Suboxone Clinic Gives Hope to Mother and Daughter
Five months ago, Alecia was shooting heroin into the main vein of her own neck,
the backs of her knees, or between her toes. At times she would even inject herself in the thin veins of her nipples.
“Yeah, I made my own daughter shot me up,” Alecia says. “I couldn’t get clean (off Heroin). It, formed a painful closeness between us. I know that sounds horrible and strange. But it did.”
Of all drugs classified as opioids — including morphine, oxycodone, hydrocodone and fentanyl, which work inside the brain like morphine from poppy plants turned into opium — heroin is the cheapest and easy to obtain with the worst reputation.
On March 29th President Donald Trump signed an executive order creating a commission to fight opioid abuse, addiction and overdose.
“We want to help those who have become so badly addicted,” Trump said, calling the United States’ opioid addiction a “total epidemic” that now afflicts some 2.5 million people.
Opponents faulted president trump for not including specific funding increases as part of his program. Some critics doubt the president’s commitment to the policy. The Republican replacement for the Affordable Care Act would have stripped the requirement that health insurers cover substance abuse as an “essential” benefit. This is hypocricy at it’s finest.
New Jersey Gov. Chris Christie, appointed as the commissioner of the new policy,said he and Trump “want to save lives.”
“Addiction is a disease,” Christie said, “and no life is disposable.”
If anyone illustrates both the depth of the problem as well as possible hope for recovery, it might be Alecia.
“If you believe in God, he definitely has a purpose for this lady,” Miami Medical Center psychiatrist Adam Koss said of Alecia. “She should have died 10 times over. I treated them as director of the hospital’s suboxone clinic. ”
Most news reports have focused on suburban patients with back pain who accidentally become hooked on OxyContin, or other pain killers who turn to heroin after being on prescription pain drugs. Alecia started on drugs as a child to self-medicate the trauma of what Koss called a “horrific” childhood.
Buprenorphine Offers Relief From Heroin Withdrawal Symptoms
Opioids, including Heroin, and Prescription pain medications, have the most difficult withdrawal of any addictive drugs. “It’s probably the worst feeling you’ll ever feel in your life,” Alecia said. “You really just feel like you will die: pain, diarrhea, you can’t stop vomiting. Your bones feel like they’re being crushed.
“Even if you take them exactly as prescribed by your buprenorphine doctor, in 6 to 8 weeks there is a chance you will become physically dependent.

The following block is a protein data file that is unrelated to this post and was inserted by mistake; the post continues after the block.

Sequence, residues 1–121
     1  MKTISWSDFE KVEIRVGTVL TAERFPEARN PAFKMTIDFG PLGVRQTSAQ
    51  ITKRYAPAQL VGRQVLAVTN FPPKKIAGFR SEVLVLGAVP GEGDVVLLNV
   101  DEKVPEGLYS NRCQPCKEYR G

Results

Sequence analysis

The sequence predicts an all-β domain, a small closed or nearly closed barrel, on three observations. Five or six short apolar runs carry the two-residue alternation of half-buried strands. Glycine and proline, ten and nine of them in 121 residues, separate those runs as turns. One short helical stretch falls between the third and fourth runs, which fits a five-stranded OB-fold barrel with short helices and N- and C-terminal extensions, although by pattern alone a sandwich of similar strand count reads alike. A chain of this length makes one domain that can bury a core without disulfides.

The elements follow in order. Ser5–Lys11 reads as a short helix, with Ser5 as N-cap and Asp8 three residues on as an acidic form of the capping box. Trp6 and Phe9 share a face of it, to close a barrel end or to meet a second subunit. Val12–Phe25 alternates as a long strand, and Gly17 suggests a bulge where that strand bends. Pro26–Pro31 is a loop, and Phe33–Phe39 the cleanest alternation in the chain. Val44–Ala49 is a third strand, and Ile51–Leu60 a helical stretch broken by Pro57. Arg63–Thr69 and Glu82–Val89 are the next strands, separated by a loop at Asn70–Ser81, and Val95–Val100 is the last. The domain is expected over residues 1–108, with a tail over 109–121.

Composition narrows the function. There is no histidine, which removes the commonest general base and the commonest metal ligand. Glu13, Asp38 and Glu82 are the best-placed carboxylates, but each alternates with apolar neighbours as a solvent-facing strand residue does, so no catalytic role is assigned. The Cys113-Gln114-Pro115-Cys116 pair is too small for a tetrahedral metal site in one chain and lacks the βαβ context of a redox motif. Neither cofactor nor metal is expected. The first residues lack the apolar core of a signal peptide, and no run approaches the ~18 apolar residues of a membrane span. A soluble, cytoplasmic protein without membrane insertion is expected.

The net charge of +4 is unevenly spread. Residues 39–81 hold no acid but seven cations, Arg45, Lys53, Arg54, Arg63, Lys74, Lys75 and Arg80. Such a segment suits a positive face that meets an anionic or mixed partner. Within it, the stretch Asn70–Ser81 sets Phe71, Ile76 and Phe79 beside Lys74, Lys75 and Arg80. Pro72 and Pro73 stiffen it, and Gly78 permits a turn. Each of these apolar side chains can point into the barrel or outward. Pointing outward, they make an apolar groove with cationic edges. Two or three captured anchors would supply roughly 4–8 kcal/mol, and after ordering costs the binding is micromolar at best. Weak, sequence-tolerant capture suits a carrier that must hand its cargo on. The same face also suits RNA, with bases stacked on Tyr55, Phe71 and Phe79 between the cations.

Alecia received her first treatment at Miami Medical Center’s Suboxone clinic on October 3rd, and the change in her life over the next few weeks was positive and happened quickly.
“I have such a great outlook on life now,” she said. “I’m looking forward to every day that I wake up.”
A number of medications to treat heroin addiction and other opiates exist. Some are controversial.
The most well-known is methadone, which has been available for use in the U.S. since the 1940s. The patients must line up at specialized clinics, and there is a stigma attached. The drug cuts back on drug cravings and withdrawal symptoms while creating no high. Critics oppose the drug because some addicts will remain on methadone maintenance programs for years. Many professionals in the field assert they are effectively just substituting one drug dependence for another with a death toll of its own that is not insignificant. In 2012, methadone overdoses killed 900 people.
At Miami Medical Center, Alecia received Suboxone, a combination of two anti-opiate drugs, buprenorphine and naloxone. Approved by the Food and Drug Administration in 2002, it is a replacement drug that links to opioid receptors, and prevents heroin and other drugs from attaching, cuts cravings for more opioids and all but eliminates withdrawal. After your initial suboxone clinic visit, addicts can take it at home.
You can’t get high on heroin, as Alecia discovered, because the brain’s opioid receptors are filled with buprenorphine.
“When I first started (on Suboxone), I tried shooting up dope,” Alecia said. “Nothing happened.”
The naloxone part of the drug safeguards against addicts trying to abuse Suboxone for any possible high.
Suboxone is prescribed for three times a day as a pill or strips of film that dissolve under the tongue. If the patient decides to melt it down and inject it, the naloxone kicks in and sends users into sudden withdrawal — which itself acts as an intense physical warning to use the drug correctly.
It took three visits to the Miami Medical Suboxone clinic for doctors to get Alecia up to correct full dosage.
The Heroin epidemic in america won’t be solved with medications alone. MAT must be combined with intensive outpatient addiction programs and therapy. Many suboxone clinics also offer individual and group counseling sessions 5 times per week. He estimated that only about 10 percent of the addicts long-term recovery will come from Buprenorphine treatment. The addict must make many personal life changes to stay clean and sober long term.
Nationally, the relapse rate for heroin addicts can run as high as 90 percent for people who don’t receive correct medication assisted treatment.
“There is always hope,” he said, “and people who are engaged and stay in treatment are almost universally successful.”